You are here

The Unkindest Cut of All

People sure do ask a lot of funny questions when they find out you're pregnant.

For example, more than one of my friends responded to the news with some variation of: "On purpose?"

I'm sure they meant well. People had a right to be surprised. We hadn't told anyone that we'd decided to start "trying." We figured it would take a while, that we'd have time to talk about it — that maybe, just at the start, it would be our little secret.

And then we hit the jackpot on the first try.

After the shock wore off, the next question generally was: Are you going to find out the sex?

Now, after our recent major ultrasound and amnio, we know: It's a boy.

Last week, a friend who is currently trying to get pregnant (a close friend, mind you, with whom I discuss pregnancy stuff all the time, and who therefore has the right to ask personal questions, but who nonetheless had the manners to preface her question with "I know this is a very personal question...") asked The Question. The one that I'd hoped to avoid by having a girl: "Are you going to have a Bris?" (Actually, she said "Brisk," because she's not Jewish, but even so, getting the term nearly right wins her bonus points.)

For those unfamiliar, a Bris is the Jewish circumcision ceremony, performed eight days after the birth by a Mohel. In addition to the procedure itself, there's usually a party, blessings, and snacks.

The same week I found out I was having a boy, my local newspaper published an article about the decrease in popularity of circumcision, medical or otherwise.

I don't want to have to make this decision. But I, or rather my husband and I will have to make this decision. To cut or not has implications medically, aesthetically, socially, and religiously. What is best for our baby's health and well-being? What will I do as a Jewish mom?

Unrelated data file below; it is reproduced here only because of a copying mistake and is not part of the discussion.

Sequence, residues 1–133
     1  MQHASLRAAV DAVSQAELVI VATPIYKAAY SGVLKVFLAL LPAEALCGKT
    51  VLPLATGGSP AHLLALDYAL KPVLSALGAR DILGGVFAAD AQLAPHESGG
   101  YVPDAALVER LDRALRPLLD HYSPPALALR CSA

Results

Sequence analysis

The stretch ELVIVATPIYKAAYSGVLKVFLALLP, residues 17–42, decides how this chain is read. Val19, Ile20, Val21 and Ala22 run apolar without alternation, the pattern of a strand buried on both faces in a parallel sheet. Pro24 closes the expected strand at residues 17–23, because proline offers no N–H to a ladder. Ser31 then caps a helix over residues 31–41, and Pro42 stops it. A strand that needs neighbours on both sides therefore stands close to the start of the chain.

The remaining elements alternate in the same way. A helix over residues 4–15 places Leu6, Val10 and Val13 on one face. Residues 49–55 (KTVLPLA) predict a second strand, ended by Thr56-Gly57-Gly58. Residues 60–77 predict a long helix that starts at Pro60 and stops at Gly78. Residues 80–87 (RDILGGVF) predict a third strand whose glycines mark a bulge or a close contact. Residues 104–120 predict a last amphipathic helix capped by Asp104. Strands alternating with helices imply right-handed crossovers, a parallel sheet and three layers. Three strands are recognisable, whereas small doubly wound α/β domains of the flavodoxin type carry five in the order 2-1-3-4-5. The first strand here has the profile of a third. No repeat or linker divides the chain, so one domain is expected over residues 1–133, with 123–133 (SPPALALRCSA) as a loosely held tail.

If I decide to make the cut, there is another debate to be had regarding hospital versus Mohel. On that count, I actually have very little doubt that I'd pick Mohel. Many of them in my area are current or retired pediatricians. One pair that works together are a pediatrician and pediatric plastic-surgeon team.

Giving the baby eight days to get used to being in the cold stark world seems like the least I can do before...and there's something much more appealing to me about doing it at home, with the baby surrounded by family and friends, held by a trusted family member, rather than strapped to a gurney under fluorescent lights and surrounded by strangers. I'll take the ritual and the blessing.

In the highly liberal Bay Area, where we live, many parents, Jewish and non-, still choose the scalpel. Yet it does seem like more people are opting out. The discussion strings at the Berkeley Parents Network website are long and knotty, and mostly come out against.

This same friend who asked me what I'm going to do shared her position on the subject. She likes the "intact" member, aesthetically speaking, but more than that, she couldn't imagine "mutilating" her child like that.

Some say to be Jewish is to debate and question, and therefore choosing not to circumcise is in fact a very Jewish act. Some people believe there are health benefits from the procedure (in fact, recent studies confirm a reduced HIV risk). Some people say that whether its about health or religion, perhaps he should get to choose for himself?

I have not decided what I am going to do. And in a way I wish I could keep it a secret. But if we invite you to the Bris, you'll know.

comments